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About the book
  • Published: 1 December 2012
  • ISBN: 9789380028224
  • Imprint: Steerforth Press
  • Format: Paperback
  • Pages: 88
  • RRP: $19.99

Moby Dick




It was an obsession that would destroy them all...

On a cold December night, a young man called Ishmael rents a room at an inn in Massachusetts. He has come from Manhattan to the north-east of America to sign up for a whaling expedition.

Later that same night, as Ishmael is sleeping, a heavily tattooed man wielding a blade enters his room. This chance meeting is just the start of what will become the greatest adventure of his life.

The next day, Ishmael joins the crew of a ship known as the Pequod. He is approached by a man dressed in rags who warns him that, if he sails under the command of Captain Ahab, he may never come back. Undaunted, Ishmael returns early the next morning and leaves for the high seas.

For the crew of the Pequod, their voyage is one of monetary gain. For Captain Ahab, however, it is a mission driven by hatred, revenge, and his growing obsession with the greatest creature of the sea.

  • Pub date: 1 December 2012
  • ISBN: 9789380028224
  • Imprint: Steerforth Press
  • Format: Paperback
  • Pages: 88
  • RRP: $19.99

About the Author

Herman Melville

Herman Melville was born on August 1, 1819, in New York City, the son of a merchant. Only twelve when his father died bankrupt, young Herman tried work as a bank clerk, as a cabin-boy on a trip to Liverpool, and as an elementary schoolteacher, before shipping in January 1841 on the whaler Acushnet, bound for the Pacific. Deserting ship the following year in the Marquesas, he made his way to Tahiti and Honolulu, returning as ordinary seaman on the frigate United States to Boston, where he was discharged in October 1844. Books based on these adventures won him immediate success. By 1850 he was married, had acquired a farm near Pittsfield, Massachussetts (where he was the impetuous friend and neighbor of Nathaniel Hawthorne), and was hard at work on his masterpiece Moby-Dick.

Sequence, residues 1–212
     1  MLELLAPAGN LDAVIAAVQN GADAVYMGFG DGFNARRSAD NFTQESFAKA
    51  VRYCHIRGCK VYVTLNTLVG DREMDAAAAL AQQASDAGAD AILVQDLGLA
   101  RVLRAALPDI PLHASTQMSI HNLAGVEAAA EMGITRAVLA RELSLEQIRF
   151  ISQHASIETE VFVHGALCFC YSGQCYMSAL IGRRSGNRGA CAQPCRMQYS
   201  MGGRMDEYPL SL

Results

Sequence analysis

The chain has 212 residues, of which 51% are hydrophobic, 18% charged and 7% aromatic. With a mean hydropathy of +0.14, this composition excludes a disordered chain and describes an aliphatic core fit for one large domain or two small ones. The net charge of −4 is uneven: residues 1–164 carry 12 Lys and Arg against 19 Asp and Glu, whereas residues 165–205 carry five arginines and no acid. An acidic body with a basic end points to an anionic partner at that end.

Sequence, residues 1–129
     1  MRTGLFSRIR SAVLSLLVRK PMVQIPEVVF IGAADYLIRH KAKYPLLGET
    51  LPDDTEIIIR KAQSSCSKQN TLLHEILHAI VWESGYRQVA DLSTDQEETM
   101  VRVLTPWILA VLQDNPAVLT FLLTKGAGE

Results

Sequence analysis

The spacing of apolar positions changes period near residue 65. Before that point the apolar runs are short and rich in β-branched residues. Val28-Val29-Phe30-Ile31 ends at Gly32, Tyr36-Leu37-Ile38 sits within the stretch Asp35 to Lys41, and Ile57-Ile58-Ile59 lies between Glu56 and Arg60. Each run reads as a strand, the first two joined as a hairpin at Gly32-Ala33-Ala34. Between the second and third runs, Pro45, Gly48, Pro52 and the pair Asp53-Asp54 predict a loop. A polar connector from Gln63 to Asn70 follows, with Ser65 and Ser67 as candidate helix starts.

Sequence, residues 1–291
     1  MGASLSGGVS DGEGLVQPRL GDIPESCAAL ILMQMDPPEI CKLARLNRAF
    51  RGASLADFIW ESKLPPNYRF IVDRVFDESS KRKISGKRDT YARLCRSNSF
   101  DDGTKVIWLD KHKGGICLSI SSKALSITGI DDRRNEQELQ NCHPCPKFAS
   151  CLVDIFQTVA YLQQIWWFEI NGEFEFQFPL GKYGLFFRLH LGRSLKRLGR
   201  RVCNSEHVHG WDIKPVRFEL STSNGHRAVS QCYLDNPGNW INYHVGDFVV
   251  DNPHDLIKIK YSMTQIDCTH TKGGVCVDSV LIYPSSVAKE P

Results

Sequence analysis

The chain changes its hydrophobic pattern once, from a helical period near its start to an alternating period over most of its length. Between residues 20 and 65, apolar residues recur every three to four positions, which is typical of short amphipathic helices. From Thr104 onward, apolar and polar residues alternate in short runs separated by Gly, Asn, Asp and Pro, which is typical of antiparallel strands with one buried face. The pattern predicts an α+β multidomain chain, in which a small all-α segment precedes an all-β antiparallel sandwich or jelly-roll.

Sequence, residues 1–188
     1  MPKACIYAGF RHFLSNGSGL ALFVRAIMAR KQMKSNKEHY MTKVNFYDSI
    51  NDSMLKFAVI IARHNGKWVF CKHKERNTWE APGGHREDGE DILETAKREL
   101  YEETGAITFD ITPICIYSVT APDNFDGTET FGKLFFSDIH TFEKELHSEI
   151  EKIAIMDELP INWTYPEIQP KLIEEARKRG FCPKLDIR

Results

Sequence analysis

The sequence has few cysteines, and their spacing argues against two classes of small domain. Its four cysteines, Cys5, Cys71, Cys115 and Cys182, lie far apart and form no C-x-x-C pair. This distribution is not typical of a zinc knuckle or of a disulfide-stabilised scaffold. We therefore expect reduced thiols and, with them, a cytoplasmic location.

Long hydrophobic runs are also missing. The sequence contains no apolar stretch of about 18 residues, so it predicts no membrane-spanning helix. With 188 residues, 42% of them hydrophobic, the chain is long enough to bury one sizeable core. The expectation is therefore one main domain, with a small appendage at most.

Literary success soon faded; his complexity increasingly alienated readers. After a visit to the Holy Land in January 1857, he turned from writing prose fiction to poetry. In 1863, during the Civil War, he moved back to New York City, where from 1866-1885 he was a deputy inspector in the Custom House, and where, in 1891, he died. A draft of a final prose work, Billy Budd, Sailor, was left unfinished and uncollated, packed tidily away by his widow, where it remained until its rediscovery and publication in 1924.

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